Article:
Free Path Lengths in Quasi Crystals
Journal article, 2012
The Lorentz gas is a model for a cloud of point particles (electrons) in a distribution of scatterers in space. The scatterers are often assumed to be spherical with a fixed diameter d, and the point particles move with constant velocity between the scatterers, and are specularly reflected when hitting a scatterer. There is no interaction between point particles. An interesting question concerns the distribution of free path lengths, i.e. the distance a point particle moves between the scattering events, and how this distribution scales with scatterer diameter, scatterer density and the distribution of the scatterers. It is by now well known that in the so-called Boltzmann-Grad limit, a Poisson distribution of scatterers leads to an exponential distribution of free path lengths, whereas if the scatterer distribution is periodic, the free path length distribution asymptotically behaves as a power law. This paper considers the case when the scatters are distributed on a quasi crystal, i.e. non periodically, but with a long range order. Simulations of a one-dimensional model are presented, showing that the quasi crystal behaves very much like a periodic crystal, and in particular, the distribution of free path lengths is not exponential.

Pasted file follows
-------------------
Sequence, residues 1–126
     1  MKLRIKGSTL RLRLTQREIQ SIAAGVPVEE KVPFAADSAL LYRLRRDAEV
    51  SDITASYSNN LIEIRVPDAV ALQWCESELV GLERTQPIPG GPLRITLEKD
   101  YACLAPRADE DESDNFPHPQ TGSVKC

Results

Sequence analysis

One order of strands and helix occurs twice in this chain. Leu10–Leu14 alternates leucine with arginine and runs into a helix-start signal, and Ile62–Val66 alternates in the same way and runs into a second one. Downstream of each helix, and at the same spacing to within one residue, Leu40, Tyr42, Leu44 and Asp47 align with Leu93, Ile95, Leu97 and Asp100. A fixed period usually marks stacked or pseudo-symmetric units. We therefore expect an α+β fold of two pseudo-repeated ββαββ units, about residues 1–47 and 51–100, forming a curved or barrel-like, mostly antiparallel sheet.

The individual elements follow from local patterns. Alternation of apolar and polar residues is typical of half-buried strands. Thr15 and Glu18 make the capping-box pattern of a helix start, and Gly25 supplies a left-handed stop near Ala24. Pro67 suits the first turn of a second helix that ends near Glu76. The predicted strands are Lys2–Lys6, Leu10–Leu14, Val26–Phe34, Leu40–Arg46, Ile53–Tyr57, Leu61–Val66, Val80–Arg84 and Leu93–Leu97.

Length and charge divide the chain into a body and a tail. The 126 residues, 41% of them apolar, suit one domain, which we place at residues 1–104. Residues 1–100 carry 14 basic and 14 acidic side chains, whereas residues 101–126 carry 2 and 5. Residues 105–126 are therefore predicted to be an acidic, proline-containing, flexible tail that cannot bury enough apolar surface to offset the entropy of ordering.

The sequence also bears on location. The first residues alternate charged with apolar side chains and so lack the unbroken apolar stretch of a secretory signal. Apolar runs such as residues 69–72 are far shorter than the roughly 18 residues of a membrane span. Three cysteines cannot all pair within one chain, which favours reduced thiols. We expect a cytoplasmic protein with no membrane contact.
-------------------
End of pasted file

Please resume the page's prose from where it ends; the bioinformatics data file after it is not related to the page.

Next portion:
periodic lorentz gas
Free path lengths